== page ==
A 2006 law allowed FPL and Progress Energy to charge customers for new nuclear and repairs to existing nuclear before any work or proposals had been completed. PSC commissioners who opposed the pre-pay plan to allow the utilities to increase rates as much as 40% were replaced. Objecting to the plan that allowed the utilities to charge customers for work that may never be done resulted in every commissioner, with the exception of one, being replaced with commissioners who would go along with the plan. The plan allows Progress Energy and FPL to charge customers for a new nuclear plant, to restart a closed reactor, and for repairs at another plant. There was no guarantee that this work will ever be done and, if the work is not completed, customers would not receive a refund or have their rates reduced to pre-approval rates.
Today, the saga continues under Governor Rick Scott. And a March 1, 2012 article in the Tampa Bay Times illustrates how, with the help of Warren Buffett, the trend is spreading nationwide:
“Florida lawmakers’ misguided 2006 gift to the nuclear power industry was a doozy: to let utilities like Progress Energy and Florida Power & Light charge their customers long in advance to build nuclear power plants that private lenders would never touch with a 10-foot pole.
One of the nation’s best-known investors eager for a no-risk financial ticket to build a nuclear power plant on the back of ratepayers is billionaire Warren Buffett. His control of Midwest power company MidAmerican coincides with lobbying efforts to push a measure in Iowa that — like Florida’s 2006 law — would do away with market discipline and emboldens power companies to pre-charge their customers for future nuclear power plants.
The nuclear industry is attempting to expand the use of something called Construction Work in Progress (CWIP), also known as “advance nuclear cost recovery” for financing nuclear plants. It’s an absurd concept, bullied into law in Florida by highly paid utility lobbyists who convinced our easily swayed state legislators that forcing customers to prepay for hyper-expensive nuclear power plants — Progress Energy’s two proposed reactors in Levy County are $22.5 billion and counting — was somehow a good idea.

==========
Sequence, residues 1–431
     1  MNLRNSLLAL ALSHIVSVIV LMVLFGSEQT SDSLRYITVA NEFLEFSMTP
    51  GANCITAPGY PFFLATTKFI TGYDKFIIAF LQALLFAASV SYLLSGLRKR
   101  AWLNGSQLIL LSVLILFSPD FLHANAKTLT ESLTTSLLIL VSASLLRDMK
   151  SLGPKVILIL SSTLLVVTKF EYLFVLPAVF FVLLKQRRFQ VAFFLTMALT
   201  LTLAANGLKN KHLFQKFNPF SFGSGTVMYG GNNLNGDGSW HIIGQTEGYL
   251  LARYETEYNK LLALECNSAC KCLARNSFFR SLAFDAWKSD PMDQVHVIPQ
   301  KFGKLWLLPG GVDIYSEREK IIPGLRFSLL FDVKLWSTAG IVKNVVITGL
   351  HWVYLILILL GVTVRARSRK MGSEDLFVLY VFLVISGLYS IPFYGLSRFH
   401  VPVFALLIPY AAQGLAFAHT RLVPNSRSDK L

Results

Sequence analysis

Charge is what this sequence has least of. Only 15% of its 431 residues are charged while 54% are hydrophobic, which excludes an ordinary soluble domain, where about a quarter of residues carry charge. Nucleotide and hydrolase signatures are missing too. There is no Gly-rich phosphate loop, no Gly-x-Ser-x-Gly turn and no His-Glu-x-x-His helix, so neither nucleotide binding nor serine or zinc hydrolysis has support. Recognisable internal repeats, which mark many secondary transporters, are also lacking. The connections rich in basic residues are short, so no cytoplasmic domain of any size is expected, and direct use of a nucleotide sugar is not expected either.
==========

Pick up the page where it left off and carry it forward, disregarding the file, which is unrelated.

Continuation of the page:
In fact, it is one of the worst ideas ever endorsed by Florida lawmakers, who remain clueless or indifferent to the extraordinary rate hikes Floridians will face in the next decade, before any nuke plant begins operation.
Florida Sen. Mike Fasano, R-New Port Richey, regrets voting for advanced nuclear cost recovery in 2006. He’s now trying to tell the people in Iowa to beware. His opinion piece urging Iowans to reject this form of nuclear plant financing ran recently in the Iowa Press Citizen.
“If passed by the Iowa Senate,” James Larew, general counsel for a former Iowa governor wrote in the Des Moines Register, “the law would provide an opening for what will effectively be the largest publicly sanctioned, but privately imposed, fleecing of Iowa consumers in the state’s history.”
If the free market rejects nuclear power plants as too risky and too expensive to finance, why should we be building such projects?
Imposing escalating, monthly nuclear plant construction fees on rate payers for years in advance smacks of indentured financial servitude. Alas, Florida lawmakers will never acknowledge this while utilities pour big bucks into their political coffers.”